Where this will all lead I cannot say, but I do know that it is neither good for us nor for the state. Humans work best when they have the maximum freedom, and so does government. As our Government gains more power in relation to us, confusing itself on the way with the entity and interests of the state, it will become less responsive to our needs and opinions, less transparent and less accountable.
Havel said of the Communist tyranny in that glorious but sombre new year's day speech: "None of us is just its victim. We are its co-creators." That is true of any society. And I believe we all need now to acknowledge what has happened to British rights and do something about it.
Firstly, there needs to be some kind of formal audit made of the rights which have been already compromised. An exact account. Linked to this should be a commission looking into the effects of mass surveillance. Second, we need a constitution which enshrines a bill of rights and places our rights beyond the reach of an ambitious Executive and Parliament. Third, we should be writing to our constituency MPs or clogging up their surgeries - asking what they are doing about the attack on liberty. And fourth, all schoolchildren should be taught about British rights and freedoms, what they mean and how they were won. History, as the National Trust is fond of saying, matters. Rights and liberties are as much a part of our heritage as St Paul's Cathedral and Shakespeare's plays.
This may all sound rather prescriptive but I have become certain over the last two years that we need to do something to save us from our Government and the Government from itself.
This was taken from the Summerfield Lecture given at the Everyman Theatre, Cheltenham, on 12 October as part of the annual literary festival. Research by Emily Butselaar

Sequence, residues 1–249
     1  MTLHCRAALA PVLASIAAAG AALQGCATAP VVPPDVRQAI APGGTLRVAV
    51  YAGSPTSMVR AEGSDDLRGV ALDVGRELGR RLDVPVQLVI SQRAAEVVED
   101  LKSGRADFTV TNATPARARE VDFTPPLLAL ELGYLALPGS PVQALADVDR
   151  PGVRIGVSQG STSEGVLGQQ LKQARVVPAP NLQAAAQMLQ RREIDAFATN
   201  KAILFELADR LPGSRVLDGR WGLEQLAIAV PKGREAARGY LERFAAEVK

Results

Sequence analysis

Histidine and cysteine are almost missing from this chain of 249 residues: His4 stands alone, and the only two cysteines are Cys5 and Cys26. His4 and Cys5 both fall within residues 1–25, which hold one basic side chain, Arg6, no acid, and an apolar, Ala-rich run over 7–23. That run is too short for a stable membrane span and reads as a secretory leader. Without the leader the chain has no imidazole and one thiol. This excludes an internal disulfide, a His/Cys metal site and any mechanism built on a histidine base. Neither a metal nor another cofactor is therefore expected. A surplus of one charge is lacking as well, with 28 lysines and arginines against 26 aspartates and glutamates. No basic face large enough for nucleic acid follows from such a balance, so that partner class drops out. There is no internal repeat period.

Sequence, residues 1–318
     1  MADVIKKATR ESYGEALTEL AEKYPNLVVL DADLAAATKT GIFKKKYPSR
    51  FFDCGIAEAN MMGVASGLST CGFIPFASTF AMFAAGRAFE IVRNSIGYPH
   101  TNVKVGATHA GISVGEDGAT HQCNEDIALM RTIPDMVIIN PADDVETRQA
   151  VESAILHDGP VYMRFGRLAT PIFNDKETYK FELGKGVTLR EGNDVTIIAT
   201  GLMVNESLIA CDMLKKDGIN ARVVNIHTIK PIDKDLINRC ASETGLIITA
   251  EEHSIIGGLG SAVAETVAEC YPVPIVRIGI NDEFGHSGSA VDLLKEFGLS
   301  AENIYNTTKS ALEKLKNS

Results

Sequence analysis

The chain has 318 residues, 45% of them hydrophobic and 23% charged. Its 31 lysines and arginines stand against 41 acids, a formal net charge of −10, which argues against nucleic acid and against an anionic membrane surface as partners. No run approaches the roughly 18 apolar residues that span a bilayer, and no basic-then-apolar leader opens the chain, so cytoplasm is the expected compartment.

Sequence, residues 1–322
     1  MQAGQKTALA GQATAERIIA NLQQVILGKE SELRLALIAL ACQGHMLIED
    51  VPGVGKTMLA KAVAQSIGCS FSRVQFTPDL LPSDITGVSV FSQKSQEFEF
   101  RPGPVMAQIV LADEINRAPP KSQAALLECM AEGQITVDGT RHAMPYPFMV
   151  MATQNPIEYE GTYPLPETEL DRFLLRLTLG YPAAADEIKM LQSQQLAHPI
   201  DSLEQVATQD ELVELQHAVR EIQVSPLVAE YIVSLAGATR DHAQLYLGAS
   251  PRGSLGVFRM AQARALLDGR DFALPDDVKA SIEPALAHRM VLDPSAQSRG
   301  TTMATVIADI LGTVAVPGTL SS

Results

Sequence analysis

Tuesday, October 17, 2006
'Video Bloggers' under threat from EU broadcast rulesWell the un-elected peeps down in Brussels have mustered up another obtrusive act to justify their over inflated wages...
extend broadcasting regulations to the internet, hitting popular
video-sharing websites such as YouTube.
The European Commission proposal would require websites and mobile
phone services that feature video images to conform to standards
laid down in Brussels.
Ministers fear that the directive would hit not only successful
sites such as YouTube but also amateur “video bloggers” who post
material on their own sites. Personal websites would have to be
licensed as a “television-like service”.
Viviane Reding, the Media Commissioner, argues that the purpose
is simply to set minimum standards on areas such as advertising,
hate speech and the protection of children.
But Shaun Woodward, the Broadcasting Minister, described the draft
proposal as catastrophic. He said: “Supposing you set up a website
for your amateur rugby club, uploaded some images and added a link
advertising your local sports shop. You would then be a supplier
of moving images and need to be licensed and comply with the
The draft rules, known as the Television Without Frontiers
directive, extend the definition of broadcasting to cover services
such as video-on-demand or mobile phone clips.
Ministers argue that while television programmes should be subject
to minimum standards, the content of websites should not be subject
to EU regulation.
Mr Woodward is proposing a compromise that requires EU states to